Alternate History

History of film (America: Type Beta)

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A spring-wound Bolsky 16 mm camera

Spanning well over a century, the History of Motion Picture is clustered with various artistic mediums, as well as flatters. Motion pictures developed gradually from a carnival novelty to one of the most important tools of communication and entertainment, and mass media in the 20th century and into the 21st century. Motion picture films have substantially affected the arts, technology, and politics.

The beginning of cinema, the precursors of film

Plays and dances had elements common to films- scripts, sets, lighting, costumes, production, direction, actors, audiences, storyboards, and scores. They preceded film by thousands of years. Much terminology later used in film theory and criticism applied, such as mise en scène. Moving visual images and sounds were not recorded for replaying as in film.

The films of the time were seen mostly via temporary storefront spaces and traveling exhibitors or as acts in vaudeville programs. A film could be under a minute long and would usually present a single scene, authentic or staged, of everyday life, a public event, a sporting event or slapstick. There was little to no cinematic technique: no editing and usually no camera movement, and flat, stagey compositions. But the novelty of realistically moving photographs was enough for a motion picture industry to mushroom before the end of the century, in countries around the world.

The Silent Era

Cecil-b-demille paramount-pictures

Cecil B. Demille offered the front for the motion-picture industry by establishing close connections to Broadway

The Sound Era

1940s, the rise of color epics

Jasemine Dietrich in 1945

Jasemine Dietrich in Arthër Eck Burgman's 1945 film, Enchanted Fortress

Jasemine Dietrich, the daughter of prominent German actress Marlene Dietrich, and small-time director Leo Christopher Coblin, was warmly welcomed by the great producers and renowned film stars upon her arrival in Hollywood. When Arthër Eck Burgman, the most noted avant-garde surrealist filmmaker, heard of her interest in following in her mother's footsteps and emerging on the stage as an actress, he quickly telephoned Dietrich and offered her the role of the Countess Hypnos in his upcoming film, the Enchanted Fortress, a fantasy film involving two reporters visiting an Alpine castle that is home to the personification of sleep. Almost immediately, Dietrich replied with "a ready smile and 'Absolutely'," as her husband Gregory Welles later described on the Edward Carson Show, many years later. While still a novice, Dietrich quickly excelled in her acting performances during the production, much to the approval of Burgman. After only 45 days of filming, the film was set for post-production, with many regular movie-goers ready with anticipation. The film debuted on October 8, 1945, at Chog Wing's Cinema Palace. It went on to gain over 351 million dollars at the box-office, and won 12 Golden Projectors, including Best Picture; both of which are records the stood for twenty years.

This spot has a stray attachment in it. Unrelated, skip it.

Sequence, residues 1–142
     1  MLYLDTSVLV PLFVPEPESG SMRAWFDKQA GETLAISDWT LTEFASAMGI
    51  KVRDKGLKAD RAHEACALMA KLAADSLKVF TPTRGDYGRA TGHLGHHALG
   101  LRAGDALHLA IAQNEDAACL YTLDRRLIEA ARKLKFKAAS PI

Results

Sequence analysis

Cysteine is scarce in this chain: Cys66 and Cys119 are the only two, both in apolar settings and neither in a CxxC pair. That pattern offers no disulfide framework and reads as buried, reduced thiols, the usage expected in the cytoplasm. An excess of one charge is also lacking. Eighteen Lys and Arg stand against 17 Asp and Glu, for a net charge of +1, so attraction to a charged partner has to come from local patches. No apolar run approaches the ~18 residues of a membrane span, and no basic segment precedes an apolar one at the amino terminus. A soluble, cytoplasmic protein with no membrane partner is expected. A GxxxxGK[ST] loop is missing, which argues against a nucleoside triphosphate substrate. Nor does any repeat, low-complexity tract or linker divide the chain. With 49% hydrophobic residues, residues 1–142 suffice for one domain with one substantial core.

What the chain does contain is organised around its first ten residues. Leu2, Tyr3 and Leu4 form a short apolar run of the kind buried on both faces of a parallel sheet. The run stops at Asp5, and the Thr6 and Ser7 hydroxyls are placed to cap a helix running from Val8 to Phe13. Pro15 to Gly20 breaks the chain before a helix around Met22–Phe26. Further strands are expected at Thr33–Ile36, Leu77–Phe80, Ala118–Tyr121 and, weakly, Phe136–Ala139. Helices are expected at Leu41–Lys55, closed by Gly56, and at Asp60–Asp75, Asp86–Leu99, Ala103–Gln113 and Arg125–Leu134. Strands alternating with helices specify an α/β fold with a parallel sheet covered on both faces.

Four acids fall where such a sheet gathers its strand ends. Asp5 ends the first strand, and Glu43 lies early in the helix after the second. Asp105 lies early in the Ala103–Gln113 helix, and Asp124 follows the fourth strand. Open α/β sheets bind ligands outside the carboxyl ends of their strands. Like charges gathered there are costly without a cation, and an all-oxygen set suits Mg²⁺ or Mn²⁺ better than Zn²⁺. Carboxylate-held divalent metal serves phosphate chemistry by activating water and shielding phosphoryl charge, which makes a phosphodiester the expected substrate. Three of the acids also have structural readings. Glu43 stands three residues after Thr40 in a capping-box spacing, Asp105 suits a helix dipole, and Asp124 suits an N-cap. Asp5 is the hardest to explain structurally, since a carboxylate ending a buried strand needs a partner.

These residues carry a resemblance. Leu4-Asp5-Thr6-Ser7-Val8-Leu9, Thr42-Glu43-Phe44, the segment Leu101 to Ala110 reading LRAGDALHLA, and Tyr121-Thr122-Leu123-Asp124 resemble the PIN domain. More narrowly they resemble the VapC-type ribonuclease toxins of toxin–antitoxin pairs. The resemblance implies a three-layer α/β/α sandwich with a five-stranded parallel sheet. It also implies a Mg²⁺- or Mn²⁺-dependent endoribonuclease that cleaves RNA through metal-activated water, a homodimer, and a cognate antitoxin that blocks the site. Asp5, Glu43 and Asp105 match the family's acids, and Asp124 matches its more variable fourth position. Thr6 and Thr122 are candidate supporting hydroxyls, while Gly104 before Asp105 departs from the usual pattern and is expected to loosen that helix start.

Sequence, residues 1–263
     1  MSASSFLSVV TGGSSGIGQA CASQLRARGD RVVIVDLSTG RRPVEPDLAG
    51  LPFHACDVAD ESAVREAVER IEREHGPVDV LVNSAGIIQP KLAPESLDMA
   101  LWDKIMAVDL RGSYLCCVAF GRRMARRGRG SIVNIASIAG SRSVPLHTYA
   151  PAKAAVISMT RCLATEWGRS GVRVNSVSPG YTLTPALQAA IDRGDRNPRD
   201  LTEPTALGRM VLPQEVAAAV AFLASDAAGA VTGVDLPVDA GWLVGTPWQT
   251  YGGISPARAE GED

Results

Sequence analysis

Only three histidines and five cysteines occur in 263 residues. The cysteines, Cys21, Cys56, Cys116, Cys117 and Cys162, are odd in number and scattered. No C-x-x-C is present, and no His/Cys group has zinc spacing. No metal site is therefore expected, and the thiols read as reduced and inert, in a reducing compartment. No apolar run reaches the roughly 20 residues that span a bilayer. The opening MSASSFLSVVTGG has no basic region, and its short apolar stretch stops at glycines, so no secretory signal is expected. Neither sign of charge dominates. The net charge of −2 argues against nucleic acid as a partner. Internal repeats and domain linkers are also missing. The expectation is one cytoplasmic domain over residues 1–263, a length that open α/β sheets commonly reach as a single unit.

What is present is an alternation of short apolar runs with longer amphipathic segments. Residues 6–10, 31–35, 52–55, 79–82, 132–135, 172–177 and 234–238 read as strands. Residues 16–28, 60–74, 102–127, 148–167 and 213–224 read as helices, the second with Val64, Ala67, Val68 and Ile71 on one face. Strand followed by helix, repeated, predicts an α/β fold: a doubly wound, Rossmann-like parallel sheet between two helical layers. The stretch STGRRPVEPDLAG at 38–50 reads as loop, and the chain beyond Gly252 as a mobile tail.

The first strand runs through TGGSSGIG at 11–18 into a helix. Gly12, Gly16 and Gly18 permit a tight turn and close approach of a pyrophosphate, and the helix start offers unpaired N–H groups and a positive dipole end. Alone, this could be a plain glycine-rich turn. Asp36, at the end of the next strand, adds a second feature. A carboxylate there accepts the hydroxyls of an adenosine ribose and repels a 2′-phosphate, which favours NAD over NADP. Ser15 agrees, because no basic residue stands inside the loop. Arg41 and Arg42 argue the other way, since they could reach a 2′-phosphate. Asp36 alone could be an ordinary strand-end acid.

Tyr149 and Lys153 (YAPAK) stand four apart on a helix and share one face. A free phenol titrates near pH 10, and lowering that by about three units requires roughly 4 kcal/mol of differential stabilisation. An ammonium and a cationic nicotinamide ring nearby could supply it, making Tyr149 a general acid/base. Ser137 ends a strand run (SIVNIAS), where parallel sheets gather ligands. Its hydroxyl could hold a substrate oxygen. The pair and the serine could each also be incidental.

Poster to the 1941 film Inception

With a strong cult following, Lang's Inception is renowned for it's startling visuals and intricate murder-mystery plot

1960s, the Era of Space Operas

Trailer to the famous 1950 Space Opera, The Empire Strikes Back

In 1950, up-and-coming science-fiction director and screenwriter, Edward Hamlian, took an idea from his friend Leo Coblin, in the idea of making an innovative science fiction, involving an authoritarian galactic empire and a band of rebels fighting for their freedoms, and sought to make what was to become one of the greatest cult classics of the 1950s, The Empire Strikes Back. With the help of his brother, producer Lucas Hamlian, the filmmaking duo released their film to what was to become an awestruck and convert fandom.

Georges Belafonte and Jason Dietrich in Modern Magazines

Vincent Polaroid's 1967 film Modern Magazines, an unusual, non-linear, crime film with pulp undertones, and an embittered critique on modern consumerist america, is consider by many to be the first postmodern film. (OTL equivalent)

1997 Hollywood Shooting

On September 29, 1997, at approximately 6:37 p.m, Cedril R. Dregsman opened fire on a red carpet celebrity gala during the opening of the 67th Golden Projector Awards, killing 10 celebrities and 5 spectators with an AKS-48 assault rifle. After one full minute of on-off shooting, Dregsman was shot and killed point-blank by one of the security guards. The gunman killed 4 of the 5 top earning actors, including that of Alistair S. Goodwin, Lancet Barrymore, Clairsa Otwise and Signey Clemantine. The insurance company reports showed that the estimated damage to the film industry, due to the loss of it's primary lead actors, totaled over $350 million. Inquiries into the shooting by the Los Angles District Attorney showed the lack of proper security measures, and easy-access itineraries regarding escape routes. Upon hearing this, many actors and celebrities refused to appear at many public events, for in fear of their lives and the distrust that had now been brought on. On October 7, two public and private memorial were held for the event, with 8 of the slain being interred on this day.

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